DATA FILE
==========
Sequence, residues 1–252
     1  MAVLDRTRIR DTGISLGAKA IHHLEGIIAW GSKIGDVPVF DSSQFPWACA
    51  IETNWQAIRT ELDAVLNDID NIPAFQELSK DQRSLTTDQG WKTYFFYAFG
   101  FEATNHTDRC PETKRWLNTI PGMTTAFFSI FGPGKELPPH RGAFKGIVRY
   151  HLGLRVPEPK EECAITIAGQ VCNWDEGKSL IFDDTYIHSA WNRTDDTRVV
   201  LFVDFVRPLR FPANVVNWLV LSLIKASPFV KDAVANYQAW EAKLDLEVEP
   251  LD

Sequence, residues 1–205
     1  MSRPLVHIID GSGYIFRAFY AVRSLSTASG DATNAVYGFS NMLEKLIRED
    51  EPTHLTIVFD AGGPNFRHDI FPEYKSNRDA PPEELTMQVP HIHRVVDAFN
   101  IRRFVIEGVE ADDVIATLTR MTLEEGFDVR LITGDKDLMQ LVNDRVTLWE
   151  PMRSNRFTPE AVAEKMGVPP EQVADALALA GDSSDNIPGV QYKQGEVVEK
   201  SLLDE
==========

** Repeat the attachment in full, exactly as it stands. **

Sequence, residues 1–252
     1  MAVLDRTRIR DTGISLGAKA IHHLEGIIAW GSKIGDVPVF DSSQFPWACA
    51  IETNWQAIRT ELDAVLNDID NIPAFQELSK DQRSLTTDQG WKTYFFYAFG
   101  FEATNHTDRC PETKRWLNTI PGMTTAFFSI FGPGKELPPH RGAFKGIVRY
   151  HLGLRVPEPK EECAITIAGQ VCNWDEGKSL IFDDTYIHSA WNRTDDTRVV
   201  LFVDFVRPLR FPANVVNWLV LSLIKASPFV KDAVANYQAW EAKLDLEVEP
   251  LD

Sequence, residues 1–205
     1  MSRPLVHIID GSGYIFRAFY AVRSLSTASG DATNAVYGFS NMLEKLIRED
    51  EPTHLTIVFD AGGPNFRHDI FPEYKSNRDA PPEELTMQVP HIHRVVDAFN
   101  IRRFVIEGVE ADDVIATLTR MTLEEGFDVR LITGDKDLMQ LVNDRVTLWE
   151  PMRSNRFTPE AVAEKMGVPP EQVADALALA GDSSDNIPGV QYKQGEVVEK
   201  SLLDE